Friday I arrived in Tokyo. It was a welcome break from Hong Kong which felt a lot like Manhattan. The neighborhood I was staying in in Tokyo was much more roomy. It was a chilly 45 degrees and I ended up buying a sweatshirt.
I had chicken cutlet with curry and rice for dinner and then spent some time planning the rest of my week.
Saturday I started out by visiting the Imperial Palace. They only let people in the Imperial Palace twice a year and as things have been working out, I will just miss it. We are allowed to walk around the palace though which is like a nice park.
Then I went out to Shinjuku and had some sushi near the Hanazono shrine. After the sushi I walked around Shinjuku Gyoen National Garden. They had a few sections but my favorite was the traditional Japanese garden.
I stopped for coffee and then had some brisket at a Japanese steak house. Later on the recommendation of someone at my hostel, I went down to Omote-Sando street which was decorated nicely for Christmas.
While walking around I found a Wolfgang Puck Express restaurant, where I had some apple crumble and ice cream.
Sunday I took a day trip to see Mount Fuji. I met Brian from New York and Rosy from Chicago, and someone from Germany, and we spent most of the day together. We drove up as far as you can drive, to the 5th climbing station, and had a wonderfully clear view of the mountain.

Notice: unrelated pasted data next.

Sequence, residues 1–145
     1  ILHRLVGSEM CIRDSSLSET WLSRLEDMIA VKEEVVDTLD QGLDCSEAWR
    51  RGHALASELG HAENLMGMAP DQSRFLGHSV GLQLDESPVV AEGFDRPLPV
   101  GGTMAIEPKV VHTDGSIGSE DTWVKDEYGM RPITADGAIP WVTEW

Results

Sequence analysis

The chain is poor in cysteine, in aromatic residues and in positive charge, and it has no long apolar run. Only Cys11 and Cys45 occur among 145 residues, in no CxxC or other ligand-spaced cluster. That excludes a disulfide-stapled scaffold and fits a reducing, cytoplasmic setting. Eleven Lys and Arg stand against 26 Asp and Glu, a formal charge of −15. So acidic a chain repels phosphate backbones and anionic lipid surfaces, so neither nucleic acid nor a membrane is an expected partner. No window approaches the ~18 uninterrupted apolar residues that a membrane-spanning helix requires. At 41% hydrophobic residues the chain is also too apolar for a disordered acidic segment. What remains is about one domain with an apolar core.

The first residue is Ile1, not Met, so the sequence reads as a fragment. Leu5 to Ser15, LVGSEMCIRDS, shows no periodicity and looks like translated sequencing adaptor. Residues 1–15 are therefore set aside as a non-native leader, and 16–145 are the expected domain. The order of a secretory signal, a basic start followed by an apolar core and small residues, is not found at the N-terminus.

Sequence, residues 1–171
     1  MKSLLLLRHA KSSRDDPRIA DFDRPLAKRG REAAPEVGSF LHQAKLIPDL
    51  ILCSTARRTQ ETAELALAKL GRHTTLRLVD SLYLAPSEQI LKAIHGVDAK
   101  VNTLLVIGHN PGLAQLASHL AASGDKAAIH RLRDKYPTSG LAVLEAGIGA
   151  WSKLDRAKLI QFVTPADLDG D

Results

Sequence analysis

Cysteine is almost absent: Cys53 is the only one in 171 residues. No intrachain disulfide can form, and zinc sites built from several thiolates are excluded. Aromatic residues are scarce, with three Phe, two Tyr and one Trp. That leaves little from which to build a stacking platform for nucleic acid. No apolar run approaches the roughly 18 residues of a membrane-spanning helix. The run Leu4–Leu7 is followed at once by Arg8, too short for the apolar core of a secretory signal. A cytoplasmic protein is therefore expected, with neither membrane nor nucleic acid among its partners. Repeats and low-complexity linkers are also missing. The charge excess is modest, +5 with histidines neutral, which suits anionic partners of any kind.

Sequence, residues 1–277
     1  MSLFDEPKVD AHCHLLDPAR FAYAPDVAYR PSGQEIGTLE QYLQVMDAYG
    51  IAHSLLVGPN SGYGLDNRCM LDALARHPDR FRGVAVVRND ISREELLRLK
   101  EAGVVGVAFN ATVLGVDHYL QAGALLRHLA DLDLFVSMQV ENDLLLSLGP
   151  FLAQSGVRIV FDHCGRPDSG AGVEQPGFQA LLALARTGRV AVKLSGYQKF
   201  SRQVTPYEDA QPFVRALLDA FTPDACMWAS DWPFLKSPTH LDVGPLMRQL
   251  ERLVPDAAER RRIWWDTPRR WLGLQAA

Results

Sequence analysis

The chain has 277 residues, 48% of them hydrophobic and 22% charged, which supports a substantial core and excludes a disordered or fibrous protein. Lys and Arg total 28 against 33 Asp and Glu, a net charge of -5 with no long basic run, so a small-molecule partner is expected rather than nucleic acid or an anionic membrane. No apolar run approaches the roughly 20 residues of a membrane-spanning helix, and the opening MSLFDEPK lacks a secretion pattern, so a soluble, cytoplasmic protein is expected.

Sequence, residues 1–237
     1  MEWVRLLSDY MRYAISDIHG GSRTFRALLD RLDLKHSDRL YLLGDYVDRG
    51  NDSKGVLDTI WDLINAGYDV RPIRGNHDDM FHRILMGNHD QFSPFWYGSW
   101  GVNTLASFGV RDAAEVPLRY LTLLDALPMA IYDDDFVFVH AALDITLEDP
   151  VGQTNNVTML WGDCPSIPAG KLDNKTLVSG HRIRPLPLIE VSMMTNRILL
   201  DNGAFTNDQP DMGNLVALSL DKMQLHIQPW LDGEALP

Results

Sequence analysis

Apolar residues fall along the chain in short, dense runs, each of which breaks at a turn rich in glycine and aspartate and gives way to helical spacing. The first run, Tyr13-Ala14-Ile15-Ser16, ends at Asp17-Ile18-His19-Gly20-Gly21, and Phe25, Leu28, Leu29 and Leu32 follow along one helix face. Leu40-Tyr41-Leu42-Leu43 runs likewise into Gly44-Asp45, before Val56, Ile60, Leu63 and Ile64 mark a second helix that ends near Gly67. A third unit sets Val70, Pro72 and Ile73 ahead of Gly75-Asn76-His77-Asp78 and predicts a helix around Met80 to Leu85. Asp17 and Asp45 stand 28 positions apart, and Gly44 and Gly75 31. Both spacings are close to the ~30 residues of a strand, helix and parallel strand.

Afterward we had a tasty lunch of toubanen, udon noodles, tempura and rice.
We took a ferry to a cable car which we rode to the top of a mountain. There was no view there due to a snow storm that rolled in. I was not dressed for snow or snow like temperatures.
We took the bullet train back to Tokyo where I had fried dumplings, a giant ball of sushi, and french fries.
Monday I started out with ramen for lunch. It was much better than top ramen. Then I went to Joypolis, a Japanese amusement park. I tried going to a barbeque place for dinner but it ended up being another Japanese steak House, so that was expensive but delicious.
Finally I went to robot show at Robot restaurant. They opened with a robot band followed by saki shots, and finally the robot show.
The robot show started with an amazing drum performance on top of robots. The second act was a battle between robots and humans, my personal favorite version of apocalypse. Then there was a Michael Jackson tribute, followed by a finale of seemingly everything. It was strange and excellent.
We couldn’t take pictures of the robots.
Tuesday I started out by going to Tokyo Skytree.
For lunch I had Pork Okonomiyaki with shrimp. Then I went to see the Meiji shrine.
Wednesday I took the bullet train to Kyoto. It was only a day trip but I covered a whole lot of ground. I started with a morning tour of Nijo Castle, where the Shogun lived.
Then the Golden Pavilion, a Buddhist temple that was reconstructed after it was burnt down.
And finally the Imperial Palace, where the emperor lived and still hosts visitors.
The tour guide went over some of the history of Japan, the rule of the Shogun for 700 years, the moving of the capital from Kyoto to Tokyo, and the last Shogun returning power to the emperor.
After the tour I had conveyor belt sushi which was delicious. There were a few with surprise wasabi, which was tastier than I remembered. Or maybe we just have terrible wasabi in the US.
Next I went to the Fushimi Inari-taisha shrine and accidentally climbed Mount Inari. Accidentally in the sense that I didn’t know that was the task at hand when I started walking through the gates.